A well-established way of describing the structure of SAT instances is to consider different graphs or hypergraphs that encode the interaction of the variables in CNF formulas. These graph structures have seen interest in the last few years both from theory and practice of SAT solving. For example, many tractable classes of SAT and related problems are characterized by restrictions of the underlying graph or hypergraph structure whereas lower bounds in proof complexity and knowledge compilation often use graphs that in a certain well-defined sense lack this structure. On the more practical side, it has been shown that good performance of CDCL solvers on practical SAT instances is related to the community structure of the underlying graphs. Moreover, graphs play a crucial role in some successful variable choice heuristics. Yet another connection between SAT and graph theory is the increasing use of SAT solvers in combinatorial problems, for instance in Ramsey theory.

The goal of the International Workshop on Graph Structure and Satisfiability Testing is to bring together researchers from different areas in which there is an interaction between graph structure and problems related to propositional satisfiability. The aim is to foster exchange between these areas by presenting different perspectives, results and current challenges.

The workshop will feature one 50-minute invited talk and several short contributed talks highlighting different perspectives.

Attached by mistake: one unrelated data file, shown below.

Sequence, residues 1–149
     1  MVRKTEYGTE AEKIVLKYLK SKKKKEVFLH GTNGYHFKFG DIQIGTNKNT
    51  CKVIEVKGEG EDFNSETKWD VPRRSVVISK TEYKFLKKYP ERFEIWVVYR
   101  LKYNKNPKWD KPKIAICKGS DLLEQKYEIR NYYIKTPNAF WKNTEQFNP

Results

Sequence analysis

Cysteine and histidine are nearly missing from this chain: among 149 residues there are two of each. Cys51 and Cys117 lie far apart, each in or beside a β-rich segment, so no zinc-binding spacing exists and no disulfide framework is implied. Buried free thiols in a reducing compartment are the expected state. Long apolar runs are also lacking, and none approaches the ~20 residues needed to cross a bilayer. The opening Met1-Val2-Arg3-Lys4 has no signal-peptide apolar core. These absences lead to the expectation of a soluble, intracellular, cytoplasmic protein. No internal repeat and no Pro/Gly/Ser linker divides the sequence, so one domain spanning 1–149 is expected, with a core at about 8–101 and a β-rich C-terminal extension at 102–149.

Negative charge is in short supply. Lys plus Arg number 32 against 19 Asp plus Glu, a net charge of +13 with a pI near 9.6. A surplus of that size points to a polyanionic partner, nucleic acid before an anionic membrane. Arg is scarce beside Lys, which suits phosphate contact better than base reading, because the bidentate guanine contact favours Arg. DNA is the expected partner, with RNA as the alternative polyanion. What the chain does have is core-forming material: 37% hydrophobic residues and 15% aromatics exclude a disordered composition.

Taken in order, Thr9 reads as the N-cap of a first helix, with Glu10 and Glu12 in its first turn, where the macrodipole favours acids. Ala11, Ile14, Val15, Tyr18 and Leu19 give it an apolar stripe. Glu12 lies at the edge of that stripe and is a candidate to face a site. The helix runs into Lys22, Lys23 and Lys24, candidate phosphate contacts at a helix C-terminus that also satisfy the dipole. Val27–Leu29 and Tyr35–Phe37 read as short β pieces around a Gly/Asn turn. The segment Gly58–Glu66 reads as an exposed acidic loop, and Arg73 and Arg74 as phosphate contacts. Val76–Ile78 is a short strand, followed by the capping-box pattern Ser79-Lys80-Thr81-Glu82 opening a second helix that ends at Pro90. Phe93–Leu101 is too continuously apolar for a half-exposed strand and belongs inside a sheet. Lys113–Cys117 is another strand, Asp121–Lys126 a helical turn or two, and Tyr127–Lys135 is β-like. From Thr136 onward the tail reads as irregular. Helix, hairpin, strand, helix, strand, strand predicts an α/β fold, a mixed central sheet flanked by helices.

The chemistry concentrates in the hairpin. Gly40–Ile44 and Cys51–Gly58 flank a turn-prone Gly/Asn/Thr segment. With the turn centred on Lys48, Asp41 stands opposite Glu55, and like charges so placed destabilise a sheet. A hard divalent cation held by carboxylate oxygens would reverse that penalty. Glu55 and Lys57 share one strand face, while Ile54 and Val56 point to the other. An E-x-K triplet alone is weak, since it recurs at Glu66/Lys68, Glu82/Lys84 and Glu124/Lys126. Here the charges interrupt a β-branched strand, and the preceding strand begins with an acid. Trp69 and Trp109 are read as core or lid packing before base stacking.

Invited Speaker

Stefan Szeider (TU Wien)


We solicit contributions in the form of 1-2-page extended abstracts concerned with all aspects of current research that relates graphs and SAT, interpreted in a broad sense. Since there will be no proceedings, we explicitly solicit the submission of talk abstracts describing already published work and work in progress which falls into the scope of our workshop.

The topics of interest include (but are not limited to) the following:

  • SAT algorithms based on graph structure
  • Model counting
  • Knowledge compilation
  • Proof complexity
  • Practical evaluation of graph based algorithms
  • Variable choice heuristics
  • Propagation algorithms
  • Analysis and visualization of the structure of practical instances
  • Applications of SAT-based techniques to combinatorial problems

The submission will be managed via Easychair.

Authors of accepted abstracts are expected to give a talk at the workshop.

Important Dates

  • April, 29th, 2016: Submission
  • June, 1st, 2016: Notification
  • July, 4th, 2016: Workshop

Program Committee

  • Gilles Audemard, CRIL, Université d’Artois
  • Simone Bova, TU Wien (organizer)
  • Massimo Lauria, Universitat Politecnica de Catalunya
  • Stefan Mengel, CNRS, CRIL (organizer)
  • Igor Razgon, Birkbeck, University of London